Alex Blaze

Media still has a ways to go in reporting on transgender people

Filed By Alex Blaze | November 02, 2010 2:30 PM | comments

Filed in: Media, Transgender & Intersex
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Updated below the jump.

I was just going to post on a case of police brutality against a transgender resident of Portland, Oregon, police-brutality.jpgbut once again the media is so not up to speed on these issues that it's hard to tell what even happened. Here's The Oregonian:

A transgender driver who claims a Portland police officer grabbed her breasts and genitalia during a search instead of waiting for a female cop to arrive is suing the city for more than $200,000.

The suit states that Chlole Lucero, 27, "is male in outward appearance" but notes that her driver's license identifies her as female. The suit claims the officer was aware of this designation.

So is the plaintiff a trans man who hasn't had his documentation or name officially changed? Or is the plaintiff a trans woman who knows she doesn't pass? That's an important distinction, especially when the suit is saying the plaintiff wanted to be searched by a female officer and is accusing the police officer (Kevin Macho... only in the city that gave us "Beau Breedlove") of sexual aggression.

The journalist used female pronouns to refer to Lucero, but there's no reason to believe she got it right, especially when she and her editors referred to the plaintiff as "Chlole" in the second paragraph and as "Chloe" afterwards (not saying whether that's the plaintiff's birth name or current name). A gay publisher quoted towards the bottom uses "she," but the article doesn't say that he knows the victim or is familiar with the case and maybe he was just using the same pronouns the interviewing journalist was using.

I've posted about how journalists just don't know what they're doing sometimes before when it comes to stories involving transgender people (especially non-famous transgender people). It's not just about respect, it's about presenting the facts of a story in a way that readers know what went on instead of being left to imagine for themselves.

Like that story earlier this year of transgender people of unknown gender going topless at Rehoboth Beach and being told to cover up, media coverage and punditry that follow usually don't interview the people involved in these stories and just regurgitate the facts from the original media source. If the first story isn't right, it's probably not going to be corrected by other journalists.

The Oregonian is the only publication covering this story with original journalism, so there's no way to know what actually happened or even what the people involved are saying happened.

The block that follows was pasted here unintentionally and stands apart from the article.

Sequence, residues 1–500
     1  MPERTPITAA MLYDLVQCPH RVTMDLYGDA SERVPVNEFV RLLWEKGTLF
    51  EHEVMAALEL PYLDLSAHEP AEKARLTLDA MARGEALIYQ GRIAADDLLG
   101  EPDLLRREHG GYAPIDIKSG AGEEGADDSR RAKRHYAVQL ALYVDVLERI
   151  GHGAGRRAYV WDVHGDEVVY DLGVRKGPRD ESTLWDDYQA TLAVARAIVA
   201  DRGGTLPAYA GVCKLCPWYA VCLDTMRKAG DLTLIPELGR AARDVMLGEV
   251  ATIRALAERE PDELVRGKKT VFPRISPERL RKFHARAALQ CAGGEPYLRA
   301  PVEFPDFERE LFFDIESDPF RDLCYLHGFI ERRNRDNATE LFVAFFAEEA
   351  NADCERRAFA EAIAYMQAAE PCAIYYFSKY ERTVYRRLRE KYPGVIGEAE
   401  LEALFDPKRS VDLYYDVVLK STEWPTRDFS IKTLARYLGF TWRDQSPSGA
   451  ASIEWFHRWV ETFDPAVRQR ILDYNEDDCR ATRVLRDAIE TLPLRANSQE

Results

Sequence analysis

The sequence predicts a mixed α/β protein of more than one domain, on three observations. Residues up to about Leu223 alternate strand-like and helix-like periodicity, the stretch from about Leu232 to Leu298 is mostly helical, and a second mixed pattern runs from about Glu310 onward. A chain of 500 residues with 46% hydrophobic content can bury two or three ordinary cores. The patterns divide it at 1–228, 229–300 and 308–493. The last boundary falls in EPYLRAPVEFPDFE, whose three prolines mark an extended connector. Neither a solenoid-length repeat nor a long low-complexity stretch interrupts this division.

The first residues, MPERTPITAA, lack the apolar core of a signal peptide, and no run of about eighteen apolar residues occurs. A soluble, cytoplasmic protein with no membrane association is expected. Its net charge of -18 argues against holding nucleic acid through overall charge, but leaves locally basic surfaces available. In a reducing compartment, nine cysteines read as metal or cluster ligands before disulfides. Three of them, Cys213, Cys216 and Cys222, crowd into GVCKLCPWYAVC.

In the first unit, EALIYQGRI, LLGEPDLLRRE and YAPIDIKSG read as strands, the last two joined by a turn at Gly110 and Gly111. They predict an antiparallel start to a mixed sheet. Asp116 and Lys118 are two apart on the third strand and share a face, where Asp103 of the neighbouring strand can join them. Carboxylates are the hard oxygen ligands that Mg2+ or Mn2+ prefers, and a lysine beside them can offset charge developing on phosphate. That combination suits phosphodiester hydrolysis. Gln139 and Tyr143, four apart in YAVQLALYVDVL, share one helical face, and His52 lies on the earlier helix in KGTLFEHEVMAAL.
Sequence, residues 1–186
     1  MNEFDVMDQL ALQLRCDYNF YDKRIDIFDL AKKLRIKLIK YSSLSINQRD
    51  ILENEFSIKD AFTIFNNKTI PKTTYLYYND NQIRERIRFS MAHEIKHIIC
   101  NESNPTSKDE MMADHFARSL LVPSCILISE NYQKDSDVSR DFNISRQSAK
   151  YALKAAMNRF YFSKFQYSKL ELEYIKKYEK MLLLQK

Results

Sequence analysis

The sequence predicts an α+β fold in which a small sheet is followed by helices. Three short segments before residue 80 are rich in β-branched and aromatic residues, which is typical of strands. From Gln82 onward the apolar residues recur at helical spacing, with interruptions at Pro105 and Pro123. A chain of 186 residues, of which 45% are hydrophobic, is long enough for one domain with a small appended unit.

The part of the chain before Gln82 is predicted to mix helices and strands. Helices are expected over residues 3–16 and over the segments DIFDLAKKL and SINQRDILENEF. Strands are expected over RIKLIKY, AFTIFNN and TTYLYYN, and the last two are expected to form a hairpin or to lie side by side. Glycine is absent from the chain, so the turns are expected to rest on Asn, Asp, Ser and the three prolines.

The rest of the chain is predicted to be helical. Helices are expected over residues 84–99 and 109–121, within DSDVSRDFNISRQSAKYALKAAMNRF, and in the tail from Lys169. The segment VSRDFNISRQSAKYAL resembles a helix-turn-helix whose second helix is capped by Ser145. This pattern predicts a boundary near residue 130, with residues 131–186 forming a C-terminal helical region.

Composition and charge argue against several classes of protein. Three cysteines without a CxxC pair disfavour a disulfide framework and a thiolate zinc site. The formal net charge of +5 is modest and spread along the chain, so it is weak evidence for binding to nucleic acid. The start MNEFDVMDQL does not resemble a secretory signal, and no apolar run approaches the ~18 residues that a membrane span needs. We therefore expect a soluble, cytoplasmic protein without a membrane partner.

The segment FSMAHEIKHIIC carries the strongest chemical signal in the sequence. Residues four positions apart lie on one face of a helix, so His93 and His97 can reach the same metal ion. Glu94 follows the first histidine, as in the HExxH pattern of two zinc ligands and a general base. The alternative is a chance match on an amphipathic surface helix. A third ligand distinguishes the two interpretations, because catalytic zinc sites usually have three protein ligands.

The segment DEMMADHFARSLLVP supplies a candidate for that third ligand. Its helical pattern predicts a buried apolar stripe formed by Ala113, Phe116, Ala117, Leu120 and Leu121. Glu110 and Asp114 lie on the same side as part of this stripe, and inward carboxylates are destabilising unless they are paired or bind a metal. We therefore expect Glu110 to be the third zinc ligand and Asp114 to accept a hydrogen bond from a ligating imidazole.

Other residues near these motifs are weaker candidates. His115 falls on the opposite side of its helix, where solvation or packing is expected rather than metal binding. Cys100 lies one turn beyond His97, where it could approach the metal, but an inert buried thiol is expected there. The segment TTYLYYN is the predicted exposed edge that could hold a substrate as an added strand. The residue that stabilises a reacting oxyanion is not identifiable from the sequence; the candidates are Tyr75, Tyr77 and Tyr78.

So I'm not writing about police brutality today and about the silliness of demanding a cop be of the same gender of citizen being searched instead of demanding accountability for inappropriate police behavior, which there usually isn't much of. Basing everything on the gender of the people involved in the search assumes that all police officers are 100% heterosexual, that straight men and women can't sexually abuse and humiliate members of their own sex, that sexual abuse and humiliation is based on sexual attraction, and that everyone identifies as either a man or a woman and their appearances and paperwork all match up.

I get mad enough at people punditing off false information, which usually leads to wild conclusions, so I'm just not going to say anything here. But it doesn't help that the police spokesperson The Oregonian reached out to for comment seems to have referred to the plaintiff as "it."

Update: I just got off the phone with GLAAD. They talked to the reporter who said that she couldn't get interviews with either the plaintiff or her attorney, and that the suit itself mentions a name change from a male first name to the female first name Chloe. So there we go.


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Thank you Alex... the madness continues.

How about this story reported on in Bilerico.
http://www.bilerico.com/2010/10/lapd_looking_for_suspect_in_brutal_beating_of_tran.php

Try listening to the reporter from KTLA and figure out who the hell the attacked person in the story actually was?!

You can hear their brains sputtering trying to wrap their minds around what they're saying. In the past few days, I've now seen a number of LGBT sources who are saying it was a trans man who was attacked based on the farblondget reporting of this story!

Then you have the highly publicized case of the civil rights attorney in London (a trans woman) who was pushed in front of a train in the London Underground last week. The misgendering was and brain sputtering was epidemic, including in outlets like The Guardian.

Finally, I wrote a similar blog piece about this issue concerning the murder of trans woman Toni Alston in Charlotte (one of the most poorly covered Trans/Queer murders of this past year). The Charlotte Observer (and what few LGBT publications quoted them) got it aaaaall wrong.

http://skipthemakeup.blogspot.com/2010/04/journalistic-art-of-total-obfuscation.html

Quite frankly, I think the AP Style book needs an update that states;
For Transgender people, unless verified by person note in article, use gender nuteral pronoun's. Use the first initials and last name only

That soloves a lot of the issues. It may dampen tragedies, but it would respect the person's gender identity by not placing it in the center of the spotlight.